Today is Tuesday, March 11th 2014.
|5:55 Northern Ag Montana News/ABC World News
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Boneheads In The News:
|6:20 ABC Sports
You’ve got to hand it to young people in America. When the going gets tough, the young get texting, especially when it comes to putting the brakes on a relationship.
In a survey of more than 2,700 people ages 18-30 who had ended a relationship during the past 12 months, the coupon and discount code website vouchercloud.net asked how they went about breaking up, and the results are probably not as surprising as they are a little sad.
For instance, 56 percent admitted ending things via text message, social media or email with six in ten saying they instigated their last break-up.
As for reasons why they preferred not to tell someone it was over face-to-face or at least by a phone call, 55 percent said texting made the break-up “less awkward.”
Of those who pulled the plug in an email, 58 percent claimed it at least allowed them to go into depth about their reasons for breaking-up.
As for putting pen to paper and composing the proverbial “Dear John” letter, only two percent of the respondents had actually used that method.
Although breaking-up digitally seems to be the new paradigm, it doesn’t necessarily mean people like it if they’re on the receiving end. In fact, almost three in four of the respondents said they would be annoyed if someone broke up with them in what is becoming accepted as the modern way of cutting the cord.
Of that group, 60 percent, somewhat ironically, said they felt it was “impersonal.”
Monday Morning Mystery - SWEET DREAMS EURTYHMICS 1983 ANNIE LENNOX DAVE STEWART BANANARAMA
|6:40 Weather Wake-Up/Northern Ag Weather
Work long and hard and you’ll do well in life.
Not always true but sociologist Sibyl Kleiner at the University of Texas, Dallas does maintain that women enjoy better health benefits the more time their husbands work.
Kleiner and the Texas team looked at data of 3,800 men and women over a 35-year period that also involved asking men and women at age 40 to describe their health at length.
The results? Husbands who worked 50 hours or more per week had healthier wives than those who worked 40 hours or less.
The reason seems to be that a woman’s health improves when there’s more money coming into the home.
Conversely, women who worked between 40 and 50 hours per week had less-healthy husbands, an indication that their longer hours don’t necessarily translate into big pay days. Their spouses tended to be more burdened with home-related responsibilities, giving them less time to stay in shape.
|6:57 Hospital Happenings/
|7:00 ABC World News/Local News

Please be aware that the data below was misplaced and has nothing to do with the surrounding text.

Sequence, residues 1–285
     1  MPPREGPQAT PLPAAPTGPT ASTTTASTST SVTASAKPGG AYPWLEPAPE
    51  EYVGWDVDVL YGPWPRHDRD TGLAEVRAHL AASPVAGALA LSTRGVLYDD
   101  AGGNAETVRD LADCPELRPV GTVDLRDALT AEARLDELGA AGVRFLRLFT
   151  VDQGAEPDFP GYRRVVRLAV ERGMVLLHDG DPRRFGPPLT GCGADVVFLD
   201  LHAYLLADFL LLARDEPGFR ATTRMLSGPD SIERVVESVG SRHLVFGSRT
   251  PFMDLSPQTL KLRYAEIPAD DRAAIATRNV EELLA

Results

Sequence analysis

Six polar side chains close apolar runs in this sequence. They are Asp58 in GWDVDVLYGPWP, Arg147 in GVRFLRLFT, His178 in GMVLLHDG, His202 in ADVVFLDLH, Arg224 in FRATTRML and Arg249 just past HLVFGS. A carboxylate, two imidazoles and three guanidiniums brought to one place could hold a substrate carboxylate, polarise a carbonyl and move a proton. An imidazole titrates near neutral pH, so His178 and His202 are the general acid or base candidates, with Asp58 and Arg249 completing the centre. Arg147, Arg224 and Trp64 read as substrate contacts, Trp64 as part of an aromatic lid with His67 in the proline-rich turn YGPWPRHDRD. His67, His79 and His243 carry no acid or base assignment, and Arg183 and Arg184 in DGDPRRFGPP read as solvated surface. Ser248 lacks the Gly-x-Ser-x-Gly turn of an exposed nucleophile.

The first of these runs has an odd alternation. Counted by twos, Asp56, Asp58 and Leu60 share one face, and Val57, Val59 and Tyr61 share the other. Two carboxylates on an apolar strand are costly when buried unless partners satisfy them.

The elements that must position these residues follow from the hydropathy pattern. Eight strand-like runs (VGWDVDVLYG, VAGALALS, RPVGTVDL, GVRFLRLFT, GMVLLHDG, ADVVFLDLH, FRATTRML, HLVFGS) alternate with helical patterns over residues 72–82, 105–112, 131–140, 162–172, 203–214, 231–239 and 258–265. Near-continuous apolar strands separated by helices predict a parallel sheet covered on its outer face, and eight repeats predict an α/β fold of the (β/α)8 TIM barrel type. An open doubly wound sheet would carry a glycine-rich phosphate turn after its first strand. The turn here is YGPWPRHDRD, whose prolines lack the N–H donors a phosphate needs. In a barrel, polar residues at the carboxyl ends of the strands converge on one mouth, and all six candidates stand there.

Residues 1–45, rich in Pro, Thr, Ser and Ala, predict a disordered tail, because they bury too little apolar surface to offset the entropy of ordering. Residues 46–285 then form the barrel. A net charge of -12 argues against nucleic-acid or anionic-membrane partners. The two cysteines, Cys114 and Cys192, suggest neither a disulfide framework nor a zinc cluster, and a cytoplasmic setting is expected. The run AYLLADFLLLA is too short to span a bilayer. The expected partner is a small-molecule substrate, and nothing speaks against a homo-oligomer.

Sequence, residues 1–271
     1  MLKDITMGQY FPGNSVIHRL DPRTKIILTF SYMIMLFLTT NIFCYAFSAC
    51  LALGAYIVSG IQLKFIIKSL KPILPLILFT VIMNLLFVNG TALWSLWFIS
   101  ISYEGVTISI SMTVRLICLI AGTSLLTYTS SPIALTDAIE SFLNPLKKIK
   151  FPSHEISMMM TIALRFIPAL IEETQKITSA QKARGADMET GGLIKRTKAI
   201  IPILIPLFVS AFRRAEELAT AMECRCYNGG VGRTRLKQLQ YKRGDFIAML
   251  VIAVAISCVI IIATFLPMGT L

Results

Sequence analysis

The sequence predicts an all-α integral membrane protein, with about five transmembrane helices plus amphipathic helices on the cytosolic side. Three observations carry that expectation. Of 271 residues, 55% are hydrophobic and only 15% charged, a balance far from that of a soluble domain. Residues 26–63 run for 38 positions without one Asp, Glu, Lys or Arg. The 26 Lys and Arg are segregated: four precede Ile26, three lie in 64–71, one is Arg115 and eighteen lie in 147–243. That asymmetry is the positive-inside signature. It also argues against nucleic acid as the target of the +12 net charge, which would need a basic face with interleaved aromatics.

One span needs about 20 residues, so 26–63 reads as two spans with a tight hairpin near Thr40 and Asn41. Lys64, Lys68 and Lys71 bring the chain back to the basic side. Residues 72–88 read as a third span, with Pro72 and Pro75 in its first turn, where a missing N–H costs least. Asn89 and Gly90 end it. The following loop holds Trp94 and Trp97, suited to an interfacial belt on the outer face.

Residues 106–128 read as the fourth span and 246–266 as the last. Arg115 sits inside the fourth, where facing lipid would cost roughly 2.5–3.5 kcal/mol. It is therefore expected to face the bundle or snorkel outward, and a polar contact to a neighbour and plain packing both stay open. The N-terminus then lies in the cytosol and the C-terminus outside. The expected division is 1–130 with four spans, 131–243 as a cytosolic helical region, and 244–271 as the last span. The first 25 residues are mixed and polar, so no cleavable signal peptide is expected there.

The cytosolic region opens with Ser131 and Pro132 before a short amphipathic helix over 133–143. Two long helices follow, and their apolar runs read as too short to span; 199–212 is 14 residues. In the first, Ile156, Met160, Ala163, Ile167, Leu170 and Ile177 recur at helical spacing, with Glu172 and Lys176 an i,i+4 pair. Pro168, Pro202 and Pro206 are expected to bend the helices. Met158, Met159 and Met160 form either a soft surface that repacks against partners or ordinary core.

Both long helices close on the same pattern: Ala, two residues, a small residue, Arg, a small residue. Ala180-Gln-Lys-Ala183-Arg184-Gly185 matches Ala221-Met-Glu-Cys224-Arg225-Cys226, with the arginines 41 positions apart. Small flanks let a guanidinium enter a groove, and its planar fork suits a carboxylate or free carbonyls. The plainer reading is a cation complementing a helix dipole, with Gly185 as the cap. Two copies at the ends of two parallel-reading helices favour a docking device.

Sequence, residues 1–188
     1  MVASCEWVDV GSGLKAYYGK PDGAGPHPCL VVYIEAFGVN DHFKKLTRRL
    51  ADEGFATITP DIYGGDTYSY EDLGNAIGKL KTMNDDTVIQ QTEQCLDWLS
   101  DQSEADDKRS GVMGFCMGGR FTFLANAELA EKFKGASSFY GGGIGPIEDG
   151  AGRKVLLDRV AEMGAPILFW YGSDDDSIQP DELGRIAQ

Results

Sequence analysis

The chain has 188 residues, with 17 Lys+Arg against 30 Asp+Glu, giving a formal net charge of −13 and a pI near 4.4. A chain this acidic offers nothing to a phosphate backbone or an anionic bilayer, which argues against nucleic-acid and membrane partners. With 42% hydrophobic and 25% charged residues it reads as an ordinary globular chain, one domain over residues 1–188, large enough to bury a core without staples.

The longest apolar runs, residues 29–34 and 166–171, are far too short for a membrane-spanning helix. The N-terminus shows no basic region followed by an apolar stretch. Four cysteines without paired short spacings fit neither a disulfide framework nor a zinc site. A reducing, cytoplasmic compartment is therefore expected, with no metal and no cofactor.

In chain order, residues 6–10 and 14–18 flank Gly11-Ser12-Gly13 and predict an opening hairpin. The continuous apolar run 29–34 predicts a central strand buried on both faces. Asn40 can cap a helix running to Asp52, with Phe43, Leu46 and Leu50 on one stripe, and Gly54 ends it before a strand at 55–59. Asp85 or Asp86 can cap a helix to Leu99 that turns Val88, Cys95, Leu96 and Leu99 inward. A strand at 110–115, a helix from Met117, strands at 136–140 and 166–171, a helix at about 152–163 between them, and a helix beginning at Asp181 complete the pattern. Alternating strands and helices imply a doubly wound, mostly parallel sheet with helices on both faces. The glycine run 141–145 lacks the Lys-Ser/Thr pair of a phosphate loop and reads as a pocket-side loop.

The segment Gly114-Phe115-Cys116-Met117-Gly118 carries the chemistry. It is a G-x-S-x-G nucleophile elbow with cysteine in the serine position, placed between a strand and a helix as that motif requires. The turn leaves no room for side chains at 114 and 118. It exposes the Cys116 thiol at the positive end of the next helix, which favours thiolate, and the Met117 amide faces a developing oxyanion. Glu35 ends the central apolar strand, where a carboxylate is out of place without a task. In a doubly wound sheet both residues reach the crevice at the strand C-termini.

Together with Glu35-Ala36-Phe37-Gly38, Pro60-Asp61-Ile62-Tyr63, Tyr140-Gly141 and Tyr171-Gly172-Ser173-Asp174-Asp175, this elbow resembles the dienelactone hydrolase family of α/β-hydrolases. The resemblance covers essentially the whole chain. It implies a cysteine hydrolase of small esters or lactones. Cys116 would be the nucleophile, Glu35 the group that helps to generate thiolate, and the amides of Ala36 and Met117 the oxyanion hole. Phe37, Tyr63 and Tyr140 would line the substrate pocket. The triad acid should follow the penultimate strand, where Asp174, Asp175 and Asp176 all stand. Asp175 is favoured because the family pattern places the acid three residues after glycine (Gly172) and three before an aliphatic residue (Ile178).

Spring forward one hour at 2 a.m. March 9. True, you’ll lose a precious hour of sleep but isn’t it all worthwhile, especially if daylight savings time means a saving in energy costs?
Don’t you believe it, says Michael Downing, author of Spring Forward: The Annual Madness of Daylight Saving Time.
Downing, who has done extensive research on the subject, argues that government claim of DST helping to slash energy costs is vastly overrated. For instance, he points out that the extra hour of daylight only reduces electricity use by less than one half of one percent.
While it’s true that people might be enticed to do more than just head home after work if they see it’s light outside, Downing complains that wherever it is people go, they do so in their cars, pumping more carbon dioxide into the atmosphere, which scientists say contributes to global warming.
Need more proof that DST isn’t all that great? Downing says if people don’t use their lights as much during the spring and summer, the cost savings are undermined by the use of air conditioning, which really drives up energy bills.
The bottom line, according to Downing, “Every time the government studies [DST], it turns out that we are really saving nothing when all is said and done.”
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There’s always that moment when you hear yourself say something to your kid and mentally cringe. You threw out a classic from your own mom, like “because I said so,” and were reminded you grew up promising yourself you’d never use those “mom lines” your own children.
Here are a few “mom line” favorites:
“There’s starving children in the world who would be happy to eat that
“She's just being mean to you because she’s jealous.”
“I have eyes in the back of my head.”
“Well, if your friend jumped off a cliff, would you do it too?”
“Life isn't fair.”
“Eat your vegetables. It doesn't matter if you don’t like them; they’re good for you.”
“Do we need to go have a conversation?”
“Someday, you’ll thank me”
|8:12 ABC World News/Northern Ag Montana News
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|8:50 Job Hunt Report
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|11:45 Tomorrow Show Promo